But it is perilous to ignore Ukraine for the sake of other global conflicts, because they are generally just different heads of the same hydra. Russia, China, Iran and North Korea, along with their proxies, form a coherent and interdependent anti-western bloc — you cannot defeat one of them without fighting the others.
Iran, for example, is one of Russia’s main weapons partners and the source of Moscow’s innumerable kamikaze drones. At the same time, Tehran is the primary backer of Hamas, Hezbollah and the Houthis, which it uses to attack Israel and sow instability in the Middle East at the West’s expense.
Meanwhile, North Korea has provided over a million artillery rounds to Russia, leading some to worry that Moscow will eventually pay back the favour by providing nuclear technology to Pyongyang.
China is using loopholes to bypass sanctions and sell sensitive technology and “dual use” military gear to Russia, which has made Beijing one of Moscow’s foremost supporters and allies. The trade makes sense for both, because should the West suffer a defeat in eastern Europe and create a precedent for land concessions, invading Taiwan would be much easier.
China also appears to be manipulating TikTok’s algorithms to promote anti-western views among American youth, including pro-Russian and pro-Hamas content.
Given the co-ordination between the West’s enemies, many U.S. allies have predictably been taking a strategic approach to security.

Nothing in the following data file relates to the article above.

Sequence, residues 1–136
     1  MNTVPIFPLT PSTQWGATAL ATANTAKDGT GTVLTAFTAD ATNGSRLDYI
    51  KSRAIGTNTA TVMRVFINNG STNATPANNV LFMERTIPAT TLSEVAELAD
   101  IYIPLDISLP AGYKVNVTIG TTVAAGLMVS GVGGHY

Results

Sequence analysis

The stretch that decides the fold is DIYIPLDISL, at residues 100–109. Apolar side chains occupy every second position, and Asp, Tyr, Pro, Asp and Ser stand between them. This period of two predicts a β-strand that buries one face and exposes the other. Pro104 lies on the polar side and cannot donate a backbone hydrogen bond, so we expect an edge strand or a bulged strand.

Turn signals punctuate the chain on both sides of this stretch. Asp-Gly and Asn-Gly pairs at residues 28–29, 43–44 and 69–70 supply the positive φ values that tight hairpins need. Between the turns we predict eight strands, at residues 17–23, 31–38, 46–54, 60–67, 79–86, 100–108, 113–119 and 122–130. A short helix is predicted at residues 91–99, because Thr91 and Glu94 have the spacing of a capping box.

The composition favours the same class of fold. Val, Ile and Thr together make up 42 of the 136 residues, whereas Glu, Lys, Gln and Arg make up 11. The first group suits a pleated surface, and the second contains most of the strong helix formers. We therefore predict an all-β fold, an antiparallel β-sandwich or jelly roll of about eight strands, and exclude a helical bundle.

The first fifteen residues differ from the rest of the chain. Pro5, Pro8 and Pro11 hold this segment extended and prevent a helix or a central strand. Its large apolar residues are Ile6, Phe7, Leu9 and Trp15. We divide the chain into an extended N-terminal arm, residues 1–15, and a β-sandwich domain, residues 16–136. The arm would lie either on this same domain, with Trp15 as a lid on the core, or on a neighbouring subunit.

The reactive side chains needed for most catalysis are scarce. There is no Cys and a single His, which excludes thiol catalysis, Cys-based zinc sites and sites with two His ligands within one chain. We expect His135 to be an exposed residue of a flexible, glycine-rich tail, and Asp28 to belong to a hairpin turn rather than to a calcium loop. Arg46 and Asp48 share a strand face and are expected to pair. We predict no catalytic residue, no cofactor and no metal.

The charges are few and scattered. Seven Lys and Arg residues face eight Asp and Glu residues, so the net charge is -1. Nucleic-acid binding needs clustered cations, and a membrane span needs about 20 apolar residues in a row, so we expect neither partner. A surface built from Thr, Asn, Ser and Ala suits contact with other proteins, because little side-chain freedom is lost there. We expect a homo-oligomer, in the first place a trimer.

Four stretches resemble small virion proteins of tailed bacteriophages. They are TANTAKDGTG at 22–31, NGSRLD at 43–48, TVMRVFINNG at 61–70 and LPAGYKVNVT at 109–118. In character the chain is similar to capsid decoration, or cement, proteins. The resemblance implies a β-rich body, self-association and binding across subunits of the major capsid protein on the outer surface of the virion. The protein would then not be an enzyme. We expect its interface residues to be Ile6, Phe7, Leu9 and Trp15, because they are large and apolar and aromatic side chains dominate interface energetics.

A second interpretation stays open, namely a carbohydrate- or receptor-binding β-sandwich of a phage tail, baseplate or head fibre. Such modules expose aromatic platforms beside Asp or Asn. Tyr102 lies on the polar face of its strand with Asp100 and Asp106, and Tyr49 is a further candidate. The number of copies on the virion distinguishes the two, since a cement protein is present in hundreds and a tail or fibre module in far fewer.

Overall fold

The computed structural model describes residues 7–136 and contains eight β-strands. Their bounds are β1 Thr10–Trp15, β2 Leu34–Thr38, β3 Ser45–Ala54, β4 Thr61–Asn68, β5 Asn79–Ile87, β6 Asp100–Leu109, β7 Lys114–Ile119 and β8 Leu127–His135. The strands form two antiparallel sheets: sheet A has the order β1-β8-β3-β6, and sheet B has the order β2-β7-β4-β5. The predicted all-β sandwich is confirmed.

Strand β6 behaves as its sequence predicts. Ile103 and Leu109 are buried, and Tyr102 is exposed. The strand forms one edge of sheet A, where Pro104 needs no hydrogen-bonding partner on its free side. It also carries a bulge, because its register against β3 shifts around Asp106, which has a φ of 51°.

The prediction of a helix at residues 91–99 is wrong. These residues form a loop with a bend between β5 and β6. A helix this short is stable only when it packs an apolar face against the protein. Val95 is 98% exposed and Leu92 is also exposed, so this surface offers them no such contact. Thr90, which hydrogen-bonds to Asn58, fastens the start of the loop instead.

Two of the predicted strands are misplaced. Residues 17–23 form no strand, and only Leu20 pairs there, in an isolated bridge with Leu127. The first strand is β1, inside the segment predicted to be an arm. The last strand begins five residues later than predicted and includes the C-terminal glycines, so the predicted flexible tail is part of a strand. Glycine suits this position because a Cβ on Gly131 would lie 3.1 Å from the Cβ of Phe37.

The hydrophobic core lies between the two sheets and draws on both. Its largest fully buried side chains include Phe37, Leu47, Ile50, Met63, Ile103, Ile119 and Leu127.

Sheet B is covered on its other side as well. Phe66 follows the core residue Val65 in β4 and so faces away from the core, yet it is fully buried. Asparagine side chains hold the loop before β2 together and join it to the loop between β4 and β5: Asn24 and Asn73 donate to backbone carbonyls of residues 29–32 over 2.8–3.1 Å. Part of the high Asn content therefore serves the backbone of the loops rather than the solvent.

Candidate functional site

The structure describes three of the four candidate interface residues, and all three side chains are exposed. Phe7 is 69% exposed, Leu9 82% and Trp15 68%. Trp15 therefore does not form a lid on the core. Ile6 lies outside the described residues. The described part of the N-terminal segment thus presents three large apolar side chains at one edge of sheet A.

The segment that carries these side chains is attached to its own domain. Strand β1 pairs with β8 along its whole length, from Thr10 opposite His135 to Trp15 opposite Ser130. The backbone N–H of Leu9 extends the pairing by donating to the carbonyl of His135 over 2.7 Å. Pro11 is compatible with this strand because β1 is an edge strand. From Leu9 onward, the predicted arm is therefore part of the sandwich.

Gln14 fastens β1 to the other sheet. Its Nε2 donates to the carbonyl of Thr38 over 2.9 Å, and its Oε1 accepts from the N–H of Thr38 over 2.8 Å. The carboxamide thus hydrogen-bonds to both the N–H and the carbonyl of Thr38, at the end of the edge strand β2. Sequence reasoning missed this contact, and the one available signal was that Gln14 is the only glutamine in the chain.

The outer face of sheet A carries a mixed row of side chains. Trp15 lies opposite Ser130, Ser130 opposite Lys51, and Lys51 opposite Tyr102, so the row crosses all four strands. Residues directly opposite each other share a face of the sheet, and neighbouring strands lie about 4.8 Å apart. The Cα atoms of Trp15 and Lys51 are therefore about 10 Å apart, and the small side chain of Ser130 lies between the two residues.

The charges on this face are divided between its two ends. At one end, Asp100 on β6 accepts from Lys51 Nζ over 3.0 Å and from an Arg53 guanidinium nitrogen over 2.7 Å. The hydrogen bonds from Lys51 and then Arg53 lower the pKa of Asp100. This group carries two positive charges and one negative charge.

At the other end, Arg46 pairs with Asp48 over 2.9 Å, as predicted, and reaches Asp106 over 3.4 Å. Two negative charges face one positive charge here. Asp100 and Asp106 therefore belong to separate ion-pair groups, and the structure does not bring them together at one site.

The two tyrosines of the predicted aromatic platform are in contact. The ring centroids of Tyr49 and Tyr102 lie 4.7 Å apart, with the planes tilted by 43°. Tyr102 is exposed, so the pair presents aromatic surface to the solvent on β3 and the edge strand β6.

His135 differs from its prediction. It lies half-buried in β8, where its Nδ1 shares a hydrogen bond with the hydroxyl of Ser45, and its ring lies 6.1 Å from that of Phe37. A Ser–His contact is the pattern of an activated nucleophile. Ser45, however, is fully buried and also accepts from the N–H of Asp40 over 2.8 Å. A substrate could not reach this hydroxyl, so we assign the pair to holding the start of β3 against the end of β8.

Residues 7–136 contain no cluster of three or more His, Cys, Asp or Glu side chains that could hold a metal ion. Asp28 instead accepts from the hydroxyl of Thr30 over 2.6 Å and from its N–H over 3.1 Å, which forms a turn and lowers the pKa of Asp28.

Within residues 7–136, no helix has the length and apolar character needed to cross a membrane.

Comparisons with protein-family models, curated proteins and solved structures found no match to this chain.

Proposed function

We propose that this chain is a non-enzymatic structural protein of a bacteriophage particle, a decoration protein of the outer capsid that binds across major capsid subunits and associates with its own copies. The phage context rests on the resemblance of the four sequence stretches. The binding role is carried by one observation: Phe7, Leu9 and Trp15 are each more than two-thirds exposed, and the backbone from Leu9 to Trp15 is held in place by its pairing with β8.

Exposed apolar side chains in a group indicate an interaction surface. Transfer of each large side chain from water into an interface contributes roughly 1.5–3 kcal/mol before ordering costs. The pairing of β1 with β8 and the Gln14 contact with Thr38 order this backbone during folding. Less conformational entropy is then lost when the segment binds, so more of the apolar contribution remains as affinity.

South Korea, for example, indirectly supplied large amounts of munitions to Ukraine this year and is in the process of exporting weapons and tanks to Poland. Japan, which fears both China and Russia, is ramping up donations to Ukraine while elevating its security ties with Taiwan.
And yet some American policy-makers still treat global conflicts as if they were siloed.
Worse yet, some Republicans, including presidential candidate Vivek Ramaswamy, are arguing that the United States should abandon Ukraine and somehow convince Russia to ally against China. This is hopelessly naive. We know these kinds of strategies don’t work because Israel already tried to woo Russia, only to be stabbed in the back immediately after Oct. 7.
The new Cold War is here and lines have been drawn in the sand. To ignore this reality and flit from conflict to conflict, with no greater plan or strategic commitments, is an inexcusable security liability.
Adam Zivo is a freelance writer and weekly columnist at National Post. He is best known for his coverage of the war in Ukraine, as well as for founding and directing LoveisLoveisLove, a Canadian LGBTQ advocacy campaign. Zivo’s work has appeared in the Washington Examiner, Jerusalem Post, Ottawa Citizen, The Diplomat, Xtra Magazine, LGBTQ Nation, IN Magazine, Quillette, and the Daily Hive, among other publications.